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Gov. Brown calls on Oregon OSHA to enact emergency heat protections

Permanent rules are expected to be adopted this fall, but Gov. Brown said it became clear "immediate action was necessary."

SALEM, Ore. — After an immigrant farmworker died while working outside in the record-breaking heat wave that hit the Northwest in late June, Oregon Gov. Kate Brown has directed Oregon Occupational Safety and Health (OSHA) to enact emergency rules this week to protect workers during extreme heat. 

The temporary rules are expected to expand requirements for employers to provide shade, rest time and cool water for workers during heat events. 

The governor's office said Oregon OSHA will continue working on permanent rules focused on worker safety during heat and other extreme weather conditions, which are expected to be adopted in the fall. That was already in the works before the deadly heat wave, but "it became clear that immediate action was necessary in order to protect Oregonians," said Gov. Brown in a statement. 

Under its general rules for all workplaces, Oregon OSHA can cite employers for not protecting workers during extreme weather, but the specifics about how to protect them are left up to the employer.

RELATED: 'It's a crisis': Advocates push for more protections for Oregon farmworkers after deadly heat wave

According to the governor's office, Gov. Brown has directed state agencies to complete a review to determine how the state can improve its response to future heat waves. Multnomah County, where at least 67 people died due to the heat, will also conduct its own review.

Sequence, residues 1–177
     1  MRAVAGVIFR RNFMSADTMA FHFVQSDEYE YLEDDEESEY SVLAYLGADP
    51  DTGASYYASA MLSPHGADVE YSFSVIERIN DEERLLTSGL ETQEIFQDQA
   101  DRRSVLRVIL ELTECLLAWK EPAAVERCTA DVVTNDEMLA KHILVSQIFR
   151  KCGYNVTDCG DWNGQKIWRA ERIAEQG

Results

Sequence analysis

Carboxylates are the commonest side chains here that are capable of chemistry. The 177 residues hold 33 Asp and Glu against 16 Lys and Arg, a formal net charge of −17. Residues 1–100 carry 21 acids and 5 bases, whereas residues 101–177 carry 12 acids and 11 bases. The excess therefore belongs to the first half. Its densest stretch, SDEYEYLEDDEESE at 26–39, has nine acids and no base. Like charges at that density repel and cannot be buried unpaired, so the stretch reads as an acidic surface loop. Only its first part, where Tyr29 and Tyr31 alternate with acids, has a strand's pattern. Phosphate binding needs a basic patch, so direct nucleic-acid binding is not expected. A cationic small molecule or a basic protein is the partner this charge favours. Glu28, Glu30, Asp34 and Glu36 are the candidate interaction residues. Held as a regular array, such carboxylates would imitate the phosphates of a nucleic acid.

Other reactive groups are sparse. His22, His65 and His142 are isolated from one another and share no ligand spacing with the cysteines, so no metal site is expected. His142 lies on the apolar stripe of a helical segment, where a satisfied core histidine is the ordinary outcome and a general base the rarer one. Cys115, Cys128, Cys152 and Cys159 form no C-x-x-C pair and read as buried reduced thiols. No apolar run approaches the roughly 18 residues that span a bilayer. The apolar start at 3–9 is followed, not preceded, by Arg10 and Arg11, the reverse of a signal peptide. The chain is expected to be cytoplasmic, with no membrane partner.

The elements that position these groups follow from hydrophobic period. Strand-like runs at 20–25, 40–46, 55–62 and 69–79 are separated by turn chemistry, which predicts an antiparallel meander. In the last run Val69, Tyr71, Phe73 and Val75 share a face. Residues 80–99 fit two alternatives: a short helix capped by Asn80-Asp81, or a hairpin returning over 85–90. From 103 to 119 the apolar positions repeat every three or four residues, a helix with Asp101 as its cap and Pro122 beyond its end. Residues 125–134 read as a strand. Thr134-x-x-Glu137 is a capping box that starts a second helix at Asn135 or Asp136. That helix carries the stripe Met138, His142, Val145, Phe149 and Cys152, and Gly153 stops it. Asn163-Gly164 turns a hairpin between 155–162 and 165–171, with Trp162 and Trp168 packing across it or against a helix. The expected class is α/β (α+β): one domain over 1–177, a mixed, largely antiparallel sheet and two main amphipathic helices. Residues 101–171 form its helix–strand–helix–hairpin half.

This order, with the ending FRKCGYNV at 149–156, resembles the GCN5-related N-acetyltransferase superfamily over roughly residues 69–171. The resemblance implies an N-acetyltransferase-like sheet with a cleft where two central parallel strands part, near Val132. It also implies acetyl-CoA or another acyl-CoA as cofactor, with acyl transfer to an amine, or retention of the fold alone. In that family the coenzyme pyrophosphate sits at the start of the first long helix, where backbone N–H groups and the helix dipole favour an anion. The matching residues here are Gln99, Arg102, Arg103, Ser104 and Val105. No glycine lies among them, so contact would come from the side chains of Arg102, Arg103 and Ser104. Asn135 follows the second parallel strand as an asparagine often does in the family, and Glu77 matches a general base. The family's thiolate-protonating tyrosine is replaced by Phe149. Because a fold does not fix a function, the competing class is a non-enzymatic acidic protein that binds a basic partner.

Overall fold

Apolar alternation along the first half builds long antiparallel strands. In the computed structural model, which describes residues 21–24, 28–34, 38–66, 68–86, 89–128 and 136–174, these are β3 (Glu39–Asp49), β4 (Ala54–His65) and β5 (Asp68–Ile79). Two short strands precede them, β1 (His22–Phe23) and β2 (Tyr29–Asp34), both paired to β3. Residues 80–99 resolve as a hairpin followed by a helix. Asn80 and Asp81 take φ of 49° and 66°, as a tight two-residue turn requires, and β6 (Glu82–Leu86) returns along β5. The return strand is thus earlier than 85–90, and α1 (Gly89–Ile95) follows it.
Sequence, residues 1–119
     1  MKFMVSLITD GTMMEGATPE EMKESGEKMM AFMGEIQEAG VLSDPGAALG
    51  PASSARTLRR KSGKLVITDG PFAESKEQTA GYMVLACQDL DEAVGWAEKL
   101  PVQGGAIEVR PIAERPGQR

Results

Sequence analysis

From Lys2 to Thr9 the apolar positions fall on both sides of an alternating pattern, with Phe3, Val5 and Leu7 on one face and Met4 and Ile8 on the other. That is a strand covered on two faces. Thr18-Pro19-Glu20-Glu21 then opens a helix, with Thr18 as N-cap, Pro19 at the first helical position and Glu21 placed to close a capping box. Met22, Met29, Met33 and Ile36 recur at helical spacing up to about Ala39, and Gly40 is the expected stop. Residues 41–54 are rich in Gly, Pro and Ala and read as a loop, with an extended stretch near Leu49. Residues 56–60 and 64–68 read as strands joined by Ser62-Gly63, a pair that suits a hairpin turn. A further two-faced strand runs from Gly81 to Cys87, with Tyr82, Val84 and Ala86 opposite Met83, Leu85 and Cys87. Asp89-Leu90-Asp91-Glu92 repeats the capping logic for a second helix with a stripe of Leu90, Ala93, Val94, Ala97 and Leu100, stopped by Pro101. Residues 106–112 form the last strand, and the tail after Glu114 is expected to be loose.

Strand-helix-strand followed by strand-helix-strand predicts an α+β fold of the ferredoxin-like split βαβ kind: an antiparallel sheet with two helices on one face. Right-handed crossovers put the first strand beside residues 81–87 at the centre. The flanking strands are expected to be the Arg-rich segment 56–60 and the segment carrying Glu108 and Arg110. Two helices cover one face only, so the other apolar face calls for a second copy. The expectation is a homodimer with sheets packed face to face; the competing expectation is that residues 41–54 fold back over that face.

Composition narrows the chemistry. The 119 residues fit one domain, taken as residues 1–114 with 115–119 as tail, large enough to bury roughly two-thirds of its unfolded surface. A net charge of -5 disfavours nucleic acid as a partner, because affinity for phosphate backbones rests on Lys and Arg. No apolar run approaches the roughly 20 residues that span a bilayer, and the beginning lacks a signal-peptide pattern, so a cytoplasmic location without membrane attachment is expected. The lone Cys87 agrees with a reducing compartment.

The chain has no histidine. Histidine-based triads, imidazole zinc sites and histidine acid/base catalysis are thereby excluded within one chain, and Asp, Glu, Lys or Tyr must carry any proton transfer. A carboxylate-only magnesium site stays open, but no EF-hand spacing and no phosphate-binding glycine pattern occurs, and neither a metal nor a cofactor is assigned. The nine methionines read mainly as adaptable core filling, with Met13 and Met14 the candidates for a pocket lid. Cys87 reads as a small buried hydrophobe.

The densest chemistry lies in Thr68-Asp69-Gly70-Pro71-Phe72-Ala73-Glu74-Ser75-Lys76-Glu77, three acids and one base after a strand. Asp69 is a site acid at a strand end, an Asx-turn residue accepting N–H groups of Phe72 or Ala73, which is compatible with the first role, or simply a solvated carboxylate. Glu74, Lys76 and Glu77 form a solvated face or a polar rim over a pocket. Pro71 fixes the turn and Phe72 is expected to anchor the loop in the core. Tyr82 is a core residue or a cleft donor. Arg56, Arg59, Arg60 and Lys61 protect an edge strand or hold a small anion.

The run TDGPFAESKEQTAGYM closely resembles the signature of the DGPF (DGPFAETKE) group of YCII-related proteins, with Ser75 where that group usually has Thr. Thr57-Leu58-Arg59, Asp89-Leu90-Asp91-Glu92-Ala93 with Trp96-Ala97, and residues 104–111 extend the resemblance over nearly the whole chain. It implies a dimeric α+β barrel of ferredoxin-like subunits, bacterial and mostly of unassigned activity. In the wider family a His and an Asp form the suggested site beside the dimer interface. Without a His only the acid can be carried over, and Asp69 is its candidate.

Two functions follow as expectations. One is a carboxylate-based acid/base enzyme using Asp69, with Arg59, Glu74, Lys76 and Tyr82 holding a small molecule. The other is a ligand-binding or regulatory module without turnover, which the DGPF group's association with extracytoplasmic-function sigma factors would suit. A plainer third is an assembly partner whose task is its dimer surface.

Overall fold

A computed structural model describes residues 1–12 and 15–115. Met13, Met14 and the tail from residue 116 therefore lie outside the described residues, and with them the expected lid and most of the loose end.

The governor will also meet with state agency and county leaders, Oregon’s Medicaid Coordinated Care Organizations (CCOs) and affected communities to discuss how to protect low-income Oregonians as extreme weather events become more common. 

RELATED: Keeping cool on hot jobs, heat safety tips to practice while on the clock

Gov. Brown's full statement:

“No one should have to decide between their health and a paycheck,” said Governor Brown. “All Oregonians should be able to go to work knowing that conditions will be safe and that they will return home to their families at the end of the day. While Oregon OSHA has been working to adopt permanent rules related to heat, it became clear that immediate action was necessary in order to protect Oregonians, especially those whose work is critical to keeping Oregon functioning and oftentimes must continue during extreme weather.

“I am concerned that our recent record-breaking heat wave in the Willamette Valley is a harbinger of what’s to come. Even with the immense resources directed to preparing communities for the excessive heat, it is critical that we need to be better prepared, flexible, and resilient. At the same time, we must center the voices of historically underserved communities in our emergency planning efforts to make sure we’re meeting all community members where they are.”